Medical Writing Trends You Need to Know About

    Medical writing trendsIt's fun to look back over the years and think about fashion trends that probably never should have seen the light of day. I’m thinking mullets, shoulder pads, and why not throw in bell bottoms while I’m at it.

    Although fashion trends come and go, trends in medical communication usually point toward practices that are here to stay. We can’t afford to ignore industry trends if we want to remain fresh and relevant. Whether we are employees or freelances, we never want to become stale, and staying on top of business trends should be part of our jobs.

    Workplace Trends Affecting Medical Communicators

    Medical communicators are expected to perform their jobs in an ever-changing environment. It’s a constant juggle to balance regulatory requirements with organizational demands to streamline processes, operate cost effectively, and do more with less. When AMWA convened its inaugural Medical Writing Executives Forum in November 2018, we asked executives who recruit, train, and manage professional medical communicators to identify the trends having the biggest effect on their medical writing teams. Rising to the top of their list were automation and artificial intelligence (AI), remote work and outsourcing, and the need for writers to have soft skills and emotional intelligence. Let’s look at these trends more closely.

    Automation and Artificial Intelligence

    Medical writers working in the regulatory setting already use standardized document templates for many of the documents they create. With the recent TransCelerate collaboration, companies around the globe are working together to support even more standardization that will allow for automation across related documents within a company and even across the industry. Be prepared!

    AI goes a step further. If you’re concerned that AI might replace you, don’t be. The managers we talked to explained that AI is intended to remove the drudgery involved with creating certain components of regulatory documents, while allowing writers to focus on more engaging aspects of document creation. And that’s a good thing, as long as medical communicators are empowered to provide input when these systems are being developed.

    Remote Work and Outsourcing

    The trend of remote work and outsourcing will continue and here’s why. Remote work provides a larger pool of talented writers and offers writers a quiet space where they can do their work in an uninterrupted way. On the flip side, remote work presents its own unique set of challenges. The reality is that it can be difficult to assert authority when you don’t work face to face.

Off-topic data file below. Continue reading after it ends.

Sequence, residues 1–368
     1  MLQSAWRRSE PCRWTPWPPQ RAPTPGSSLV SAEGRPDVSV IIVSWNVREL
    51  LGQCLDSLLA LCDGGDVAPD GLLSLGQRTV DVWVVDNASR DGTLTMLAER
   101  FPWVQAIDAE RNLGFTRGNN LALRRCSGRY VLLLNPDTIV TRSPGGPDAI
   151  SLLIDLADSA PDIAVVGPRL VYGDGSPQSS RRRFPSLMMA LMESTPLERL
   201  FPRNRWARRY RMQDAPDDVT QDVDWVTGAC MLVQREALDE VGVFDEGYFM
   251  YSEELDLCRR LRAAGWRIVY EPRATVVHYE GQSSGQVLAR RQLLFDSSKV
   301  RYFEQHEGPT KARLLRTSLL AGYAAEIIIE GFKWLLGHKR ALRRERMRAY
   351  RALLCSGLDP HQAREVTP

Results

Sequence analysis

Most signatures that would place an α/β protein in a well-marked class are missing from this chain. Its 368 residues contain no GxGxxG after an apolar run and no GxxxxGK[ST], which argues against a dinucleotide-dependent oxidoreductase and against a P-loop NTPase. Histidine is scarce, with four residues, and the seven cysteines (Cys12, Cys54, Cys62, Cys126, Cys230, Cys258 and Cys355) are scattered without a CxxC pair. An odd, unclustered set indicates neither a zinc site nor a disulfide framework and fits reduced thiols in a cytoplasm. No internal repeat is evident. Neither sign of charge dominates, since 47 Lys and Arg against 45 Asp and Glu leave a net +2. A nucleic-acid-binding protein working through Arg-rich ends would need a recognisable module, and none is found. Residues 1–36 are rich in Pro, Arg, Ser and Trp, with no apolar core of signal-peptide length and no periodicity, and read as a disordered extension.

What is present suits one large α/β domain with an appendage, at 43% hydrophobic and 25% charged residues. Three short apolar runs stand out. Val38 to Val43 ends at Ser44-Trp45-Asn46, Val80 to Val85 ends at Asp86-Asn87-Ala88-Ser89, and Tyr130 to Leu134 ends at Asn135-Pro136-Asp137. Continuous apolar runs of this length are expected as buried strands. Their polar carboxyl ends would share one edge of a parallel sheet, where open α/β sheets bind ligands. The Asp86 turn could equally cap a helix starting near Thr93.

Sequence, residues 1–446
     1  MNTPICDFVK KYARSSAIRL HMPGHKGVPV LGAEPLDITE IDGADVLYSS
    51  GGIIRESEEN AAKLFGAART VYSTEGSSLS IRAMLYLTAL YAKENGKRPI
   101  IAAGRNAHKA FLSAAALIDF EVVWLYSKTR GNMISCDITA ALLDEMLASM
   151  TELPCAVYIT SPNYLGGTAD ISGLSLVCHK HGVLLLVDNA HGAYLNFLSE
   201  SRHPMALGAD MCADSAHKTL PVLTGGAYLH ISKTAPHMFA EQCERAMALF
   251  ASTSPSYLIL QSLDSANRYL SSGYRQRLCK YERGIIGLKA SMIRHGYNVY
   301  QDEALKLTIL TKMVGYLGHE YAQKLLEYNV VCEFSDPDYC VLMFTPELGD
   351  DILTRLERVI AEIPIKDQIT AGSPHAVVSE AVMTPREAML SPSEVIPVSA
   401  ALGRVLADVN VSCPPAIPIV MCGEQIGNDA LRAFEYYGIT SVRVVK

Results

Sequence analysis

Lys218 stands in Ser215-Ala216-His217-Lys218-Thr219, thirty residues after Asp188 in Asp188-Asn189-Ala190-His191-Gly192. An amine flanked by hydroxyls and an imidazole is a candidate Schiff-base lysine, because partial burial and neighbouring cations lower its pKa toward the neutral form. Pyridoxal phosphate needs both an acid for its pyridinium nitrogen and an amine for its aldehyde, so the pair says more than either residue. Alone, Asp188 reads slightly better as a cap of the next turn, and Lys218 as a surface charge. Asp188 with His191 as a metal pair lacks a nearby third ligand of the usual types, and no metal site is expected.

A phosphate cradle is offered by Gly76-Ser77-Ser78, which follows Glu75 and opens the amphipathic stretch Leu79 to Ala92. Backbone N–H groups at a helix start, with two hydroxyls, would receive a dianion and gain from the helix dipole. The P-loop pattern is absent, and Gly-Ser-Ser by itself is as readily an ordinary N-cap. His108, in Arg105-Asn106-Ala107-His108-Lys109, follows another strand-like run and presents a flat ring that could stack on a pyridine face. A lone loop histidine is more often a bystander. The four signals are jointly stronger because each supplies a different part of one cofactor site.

Where opportunities for face-to-face meetings are few, companies are starting to leverage technology to build relationships among remote team members. So dust off your webcam and prepare to see and communicate with your colleagues in real time. You can still wear your bunny slippers but you may want to rethink the pajamas.

    Soft Skills and Emotional Intelligence

    Technical skills and scientific knowledge are no longer enough. Managers want writers who add value because they possess the soft skills and emotional intelligence that enable them to lead, negotiate, and resolve conflicts. The days of being able to write as a lone entity are over. There’s a demand for writers who can think critically, communicate effectively, solve problems, manage their time well, and work collaboratively with other professionals.

    Emotional intelligence is that little something-something that involves being aware of emotions, using emotions when thinking and problem solving, and regulating your emotions and the emotions of others, that is, the ability to comfort and calm someone else.

    As for managing others' emotions, there will be times when a client or colleague will freak out for whatever reason and the conversation goes off the rails. Your ability to stay calm and recognize the other person’s emotions and irrational behavior will enable you to defuse the situation. If you’re good at talking people off the ledge, you likely have high emotional intelligence.

    Listening to Industry Leaders Guides Our Content Development

    Last year’s Medical Writing Executives Forum gave AMWA the opportunity to engage industry leaders who are affected every day by these industry trends and challenges—and the trends I’ve discussed here aren’t the only ones coming our way. The executives mentioned others that are changing the way they work, including lean authoring, more lay-oriented documents, and increased clinical-trial complexity, to name a few.

    AMWA wants medical communicators to be prepared and able to do their jobs well in the face of these changes. Consequently, we’ll debut several new workshops at the 2019 Medical Writing & Communication Conference in San Diego that were developed based on feedback from industry leaders. Check out the annual conference program and you’ll see we now offer workshops on lean authoring, as well as writing lay summaries. We’ll also have an education session on AI and demonstrations of some AI tools. If you want to see what AI is all about, this is your chance.

    We’ll be meeting with biopharma executives again in San Diego in November when we convene the second Medical Writing Executives Forum. We’re eager to hear what they have to tell us about the future of medical writing and new developments that have the potential to further transform medical communication.



    August 26, 2019 at 10:30 AM

    Cynthia L. Kryder, MS, MWC

    Cynthia L Kryder, MS, MWC, is a freelance medical communicator who collaborates with clients to craft a variety of medical and health care communications that use the right words for the right audience. She served as the 2018-2019 President of the American Medical Writers Association.